A 20-year trend of large instances of Aggregate Raw Off-Target (AggROT) across 44 x coal units to 31st Dec 2023

As part of the number crunching for GenInsights Quarterly Updates for 2023 Q4 (as we have in preceding issues, and before that in GenInsights21) we look at the incidence of large instances of Aggregate Raw Off-Target (i.e. AggROT) across all operational* coal units.

* following the closure of Liddell a year ago, there are now 44 x operational coal units remaining.  To make this analysis ‘apples-for-apples’ through time, we have calculated AggROT across those same 44 x units:
(a)   back in time to Q4 2001, which is when the relevant data started to be published
(b)  notwithstanding that there were 6 x supercritical units introduced in QLD in the first few years of that period.

In crunching the numbers for the 2023 Q4 update, it became apparent that it would be useful sharing some of what we’ve been increasingly seeing, particularly as for 2023 Q4 it’s become more apparent.

There’s a hypothesis below – but it’s really more of a question, so would be interested in considered thoughts from the more knowledgeable readers here at WattClarity?

… and for comparative reference, you might like to compare these results with those shown in ‘A long-range trend of large instances of Aggregate Raw Off-Target (AggROT) across all Semi-Scheduled units’, also published today.


Long range trend of AggROT for coal units

Here’s two charts that trend a count (per year) of how many dispatch intervals exceed certain levels of AggROT for these 44 x coal units.


Remember to click on any image in WattClarity articles to open as larger resolution in a separate tab for easier reading …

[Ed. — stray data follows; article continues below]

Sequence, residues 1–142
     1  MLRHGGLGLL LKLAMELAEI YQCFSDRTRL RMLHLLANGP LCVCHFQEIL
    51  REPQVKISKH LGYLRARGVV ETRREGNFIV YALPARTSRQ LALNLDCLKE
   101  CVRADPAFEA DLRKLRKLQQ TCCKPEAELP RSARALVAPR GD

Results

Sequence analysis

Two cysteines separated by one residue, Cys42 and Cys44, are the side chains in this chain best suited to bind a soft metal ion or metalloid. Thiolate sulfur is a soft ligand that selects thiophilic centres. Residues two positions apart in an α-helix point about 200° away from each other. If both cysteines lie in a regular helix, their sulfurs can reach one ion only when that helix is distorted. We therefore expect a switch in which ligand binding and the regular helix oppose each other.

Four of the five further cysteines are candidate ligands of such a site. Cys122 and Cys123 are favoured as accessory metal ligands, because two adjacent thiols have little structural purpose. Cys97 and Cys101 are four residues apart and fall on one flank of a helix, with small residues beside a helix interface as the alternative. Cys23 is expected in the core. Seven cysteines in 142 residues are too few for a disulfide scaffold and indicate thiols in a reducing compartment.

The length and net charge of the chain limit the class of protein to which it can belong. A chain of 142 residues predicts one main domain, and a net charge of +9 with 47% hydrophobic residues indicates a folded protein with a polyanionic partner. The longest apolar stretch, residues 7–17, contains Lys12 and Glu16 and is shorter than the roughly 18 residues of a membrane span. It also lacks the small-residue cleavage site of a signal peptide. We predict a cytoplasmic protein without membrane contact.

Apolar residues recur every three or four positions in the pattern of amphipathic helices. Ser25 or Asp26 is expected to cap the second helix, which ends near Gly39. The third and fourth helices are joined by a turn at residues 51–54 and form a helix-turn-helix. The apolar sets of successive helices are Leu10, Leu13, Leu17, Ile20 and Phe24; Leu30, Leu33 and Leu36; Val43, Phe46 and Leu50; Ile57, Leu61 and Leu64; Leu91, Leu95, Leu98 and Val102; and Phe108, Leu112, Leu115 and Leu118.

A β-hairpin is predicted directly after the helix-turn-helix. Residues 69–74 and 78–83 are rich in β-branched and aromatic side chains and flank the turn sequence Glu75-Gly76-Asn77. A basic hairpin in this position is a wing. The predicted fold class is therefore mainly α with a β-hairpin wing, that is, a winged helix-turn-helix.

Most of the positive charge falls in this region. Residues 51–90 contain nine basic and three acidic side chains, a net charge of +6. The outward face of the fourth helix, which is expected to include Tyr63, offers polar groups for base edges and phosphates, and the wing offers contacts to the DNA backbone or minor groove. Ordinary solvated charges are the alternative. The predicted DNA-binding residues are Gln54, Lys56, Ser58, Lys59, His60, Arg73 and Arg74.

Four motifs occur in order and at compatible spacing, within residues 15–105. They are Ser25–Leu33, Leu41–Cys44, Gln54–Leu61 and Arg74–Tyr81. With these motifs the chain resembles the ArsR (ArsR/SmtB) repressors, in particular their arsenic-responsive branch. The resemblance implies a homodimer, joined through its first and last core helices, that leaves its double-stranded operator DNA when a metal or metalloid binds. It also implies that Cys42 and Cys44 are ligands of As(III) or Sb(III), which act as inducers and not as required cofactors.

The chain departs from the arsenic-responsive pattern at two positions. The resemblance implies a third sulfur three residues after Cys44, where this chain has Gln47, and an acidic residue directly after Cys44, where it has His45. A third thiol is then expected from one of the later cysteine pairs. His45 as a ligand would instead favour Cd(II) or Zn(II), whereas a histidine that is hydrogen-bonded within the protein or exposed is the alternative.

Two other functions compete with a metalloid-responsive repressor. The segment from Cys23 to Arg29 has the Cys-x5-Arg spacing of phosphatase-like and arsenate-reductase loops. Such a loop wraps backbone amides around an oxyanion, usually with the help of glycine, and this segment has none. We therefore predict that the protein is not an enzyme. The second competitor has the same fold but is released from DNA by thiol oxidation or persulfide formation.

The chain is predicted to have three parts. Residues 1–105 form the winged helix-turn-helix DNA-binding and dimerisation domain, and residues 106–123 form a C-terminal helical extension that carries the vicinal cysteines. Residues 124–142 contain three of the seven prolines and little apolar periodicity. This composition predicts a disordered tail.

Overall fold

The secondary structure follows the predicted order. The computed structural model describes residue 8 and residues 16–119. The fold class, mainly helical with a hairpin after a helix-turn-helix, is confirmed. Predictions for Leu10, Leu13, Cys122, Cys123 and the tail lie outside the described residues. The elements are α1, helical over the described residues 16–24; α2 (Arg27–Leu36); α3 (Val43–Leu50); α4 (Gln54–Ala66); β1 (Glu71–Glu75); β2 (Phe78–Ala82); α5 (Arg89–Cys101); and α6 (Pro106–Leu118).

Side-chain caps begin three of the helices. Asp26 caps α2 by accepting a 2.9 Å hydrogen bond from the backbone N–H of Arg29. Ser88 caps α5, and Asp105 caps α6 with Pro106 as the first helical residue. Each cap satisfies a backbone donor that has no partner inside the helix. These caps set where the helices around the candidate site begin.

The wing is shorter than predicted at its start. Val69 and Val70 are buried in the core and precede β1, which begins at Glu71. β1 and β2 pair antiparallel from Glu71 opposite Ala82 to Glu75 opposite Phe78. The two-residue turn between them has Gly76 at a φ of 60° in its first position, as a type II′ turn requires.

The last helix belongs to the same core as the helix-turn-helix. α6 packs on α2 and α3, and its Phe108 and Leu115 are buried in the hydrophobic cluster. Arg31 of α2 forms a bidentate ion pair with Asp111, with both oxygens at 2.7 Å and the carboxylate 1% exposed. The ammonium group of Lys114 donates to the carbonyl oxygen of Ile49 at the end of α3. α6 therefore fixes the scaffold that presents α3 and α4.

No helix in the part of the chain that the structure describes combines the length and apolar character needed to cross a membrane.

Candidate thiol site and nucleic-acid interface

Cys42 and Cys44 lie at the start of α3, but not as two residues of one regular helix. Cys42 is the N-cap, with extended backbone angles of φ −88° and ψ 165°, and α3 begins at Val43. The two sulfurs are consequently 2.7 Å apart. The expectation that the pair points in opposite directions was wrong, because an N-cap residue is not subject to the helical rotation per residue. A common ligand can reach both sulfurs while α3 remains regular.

Also remember that there are 105,120 dispatch intervals in a (non-leap) year, so we are talking some pretty small percentages of time.

In the first chart we count the incidence greater than 200MW – remembering that:

1)  Negative AggROT corresponds to over-performance relative to collective Target and Regulation Enablement levels; whilst

2)  Positive AggROT corresponds to under-performance relative to collective Target and Regulation Enablement levels; whilst

Counts for greater exceedances are also included, but we can skip those for now, as they are also shown below at larger scale.  Focusing just on the 200MW below, and 200MW above, we see that:

1)  From 2002 to 2019 the numbers are largely similar … leading to a sense that (in terms of this particular metric) coal units were (at least until 2020) collectively not performing ‘worse’ within a dispatch interval than they have historically

2)  From 2020 we see the incidence begin to grow:

(a)  Firstly for AggROT > +200MW and then for AggROT <-200MW.

not sure why one lagged the other, at this point.

(b)  With growth in the 2023 year particularly rapid.

3)  Here’s one hypothesis:

(a)  We’ve annotated this chart in 2020 to remind that:

i.  Implementation of Primary Frequency Response (PFR) for ‘Tranche 1’ units began from late September 2020; and

ii.  Tranche 1 included many coal units, and correlates with growth in the incidence of AggROT for coal units.